The Creative Canvas of Braid
Last week we treated ourselves to an afternoon at the San Francisco Museum of Modern Art.
The SFMOMA, which recently reopened after a major renovation and addition, is full of big, bold, vibrant, thought-provoking art: colorful canvases taking up entire walls, a whole room of Calder mobiles, and the museum’s impressive collection of masterpieces by California artists.
But the painting we found ourselves drawn to that afternoon was one of the most subtle pieces in the museum, tucked away in a small gallery in a back corner. The colors in Untitled #9 by Agnes Martin are so muted that at first glance the canvas appears to be empty, but upon a closer look you can see faint pastel strips of color.
If you’ve ever taken a photo with a Polaroid, you know that the picture takes several minutes to develop after sliding out of the camera. [Watch a time lapse version here.] During that time, there is a magical moment when shadows and splotches of color start to appear on the film, when it begins the transition from a blank white space into something with form and color. Untitled #9 feels like that moment.
As we looked at Agnes Martin’s painting, we talked about the Hebrew story of creation at the beginning of the Bible, in which God creates the world out of a void.
What intrigued us was how the artist captured the faint emergence that felt incomplete and undefined, immortalizing the moment of transition. Instead of picturing, as we usually do, the orderly progression of the creation story – skies and waters and vegetation and animals and humans and finally God’s day of rest at the end of a job well done – we imagined how excited God must have been at that moment in creation where it just begins to take form.
This excitement we imagine God experienced is not unlike what we feel as Braid is celebrating its second birthday. Braid was a blank canvas when we began, but we had a vision of where we were headed and how we would serve foster youth in our community. We thought our vision would emerge as quickly as a Polaroid photo: we had a business plan that provided a detailed image of what Braid would look like in five years, and it was very bright and bold.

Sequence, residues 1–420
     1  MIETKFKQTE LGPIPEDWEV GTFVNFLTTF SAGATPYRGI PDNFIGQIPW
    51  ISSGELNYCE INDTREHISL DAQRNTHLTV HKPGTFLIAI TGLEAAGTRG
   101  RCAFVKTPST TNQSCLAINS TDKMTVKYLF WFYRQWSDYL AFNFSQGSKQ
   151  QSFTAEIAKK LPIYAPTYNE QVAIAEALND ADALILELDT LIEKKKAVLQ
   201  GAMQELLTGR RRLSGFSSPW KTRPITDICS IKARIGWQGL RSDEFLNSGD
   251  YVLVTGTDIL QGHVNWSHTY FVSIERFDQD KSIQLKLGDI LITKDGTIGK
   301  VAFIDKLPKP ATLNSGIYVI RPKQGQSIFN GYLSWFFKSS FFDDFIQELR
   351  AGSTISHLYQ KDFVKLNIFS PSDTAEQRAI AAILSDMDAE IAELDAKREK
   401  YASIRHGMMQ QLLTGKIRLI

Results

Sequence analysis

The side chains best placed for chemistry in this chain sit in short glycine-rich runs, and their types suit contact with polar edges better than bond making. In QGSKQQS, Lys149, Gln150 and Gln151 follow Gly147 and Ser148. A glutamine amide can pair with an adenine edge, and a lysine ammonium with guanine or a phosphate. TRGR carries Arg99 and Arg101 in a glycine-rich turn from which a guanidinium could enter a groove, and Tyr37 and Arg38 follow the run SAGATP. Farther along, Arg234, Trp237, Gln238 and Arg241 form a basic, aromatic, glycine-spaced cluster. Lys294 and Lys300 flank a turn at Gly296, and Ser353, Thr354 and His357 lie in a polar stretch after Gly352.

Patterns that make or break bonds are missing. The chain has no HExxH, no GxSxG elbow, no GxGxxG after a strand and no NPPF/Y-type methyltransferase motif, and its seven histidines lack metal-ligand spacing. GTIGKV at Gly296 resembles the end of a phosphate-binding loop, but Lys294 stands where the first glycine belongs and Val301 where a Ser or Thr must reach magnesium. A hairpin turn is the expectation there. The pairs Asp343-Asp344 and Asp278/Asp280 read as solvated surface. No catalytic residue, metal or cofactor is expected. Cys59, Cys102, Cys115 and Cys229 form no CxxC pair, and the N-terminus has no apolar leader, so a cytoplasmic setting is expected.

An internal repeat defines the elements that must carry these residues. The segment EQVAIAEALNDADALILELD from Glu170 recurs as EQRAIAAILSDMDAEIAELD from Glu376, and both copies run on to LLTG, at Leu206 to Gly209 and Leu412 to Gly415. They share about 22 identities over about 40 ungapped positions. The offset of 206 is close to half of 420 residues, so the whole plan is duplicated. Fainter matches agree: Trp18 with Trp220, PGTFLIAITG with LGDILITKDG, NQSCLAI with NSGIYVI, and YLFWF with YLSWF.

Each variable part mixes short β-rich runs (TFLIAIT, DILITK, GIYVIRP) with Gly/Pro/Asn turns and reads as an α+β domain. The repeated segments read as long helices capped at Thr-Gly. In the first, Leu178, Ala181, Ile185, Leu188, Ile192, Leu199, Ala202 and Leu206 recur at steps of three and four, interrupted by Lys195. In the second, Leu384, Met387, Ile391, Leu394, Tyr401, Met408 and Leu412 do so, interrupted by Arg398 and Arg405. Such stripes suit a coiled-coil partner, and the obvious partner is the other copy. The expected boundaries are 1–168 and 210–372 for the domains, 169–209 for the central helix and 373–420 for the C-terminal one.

Instead, Braid looks a lot like Untitled #9, and that’s a good thing.
If we had rushed in with vivid colors and big brushes and started to create our supposed masterpiece, we would have painted the wrong picture. You see, our original vision for this ministry was based only on our ideas and images, and Braid is much bigger than two people. We had to make space for other people’s perspectives and visions of what ministry to the foster care system could be. Only when we had heard the stories of social workers, current and former foster youth, grandparents, foster parents, colleagues, friends, and our mentors could Braid really begin to take form.
Trust us, there have been many, many days when we have been frustrated that Braid doesn’t look more like the bright, vivid artwork we originally envisioned. And we have been guilty many times of trying to direct Braid toward a more specific image that might be more eye-catching or impressive, but every time we are reminded that if God’s creative work needed space and time to develop, ours does too.
We continue to believe that the best form of Braid will develop in its own right time as long as we continue to be faithful and show up every day to create sacred space that honors what has already broken through and what is still taking shape. Untitled #9 speaks of a future still emerging, a creative act that has taken shape and form, but which is still unfolding and yet unknown.
We don’t know exactly what this ministry will look like in a year, or two years, or five years.
What we do know is that it won’t look like we thought it would. And we know that we will always invite others to keep painting it with us. We know that the canvas that emerges will be a masterpiece, because it will hold our collective stories and contributions. It is a work in progress, and we’re glad you are part of it.